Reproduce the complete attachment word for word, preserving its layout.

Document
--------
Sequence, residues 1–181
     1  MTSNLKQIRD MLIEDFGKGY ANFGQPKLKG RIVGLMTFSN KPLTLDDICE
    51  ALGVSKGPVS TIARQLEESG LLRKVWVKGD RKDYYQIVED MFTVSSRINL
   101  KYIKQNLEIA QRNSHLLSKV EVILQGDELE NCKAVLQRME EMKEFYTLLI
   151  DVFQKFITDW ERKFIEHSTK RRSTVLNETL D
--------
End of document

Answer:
Sequence, residues 1–181
     1  MTSNLKQIRD MLIEDFGKGY ANFGQPKLKG RIVGLMTFSN KPLTLDDICE
    51  ALGVSKGPVS TIARQLEESG LLRKVWVKGD RKDYYQIVED MFTVSSRINL
   101  KYIKQNLEIA QRNSHLLSKV EVILQGDELE NCKAVLQRME EMKEFYTLLI
   151  DVFQKFITDW ERKFIEHSTK RRSTVLNETL D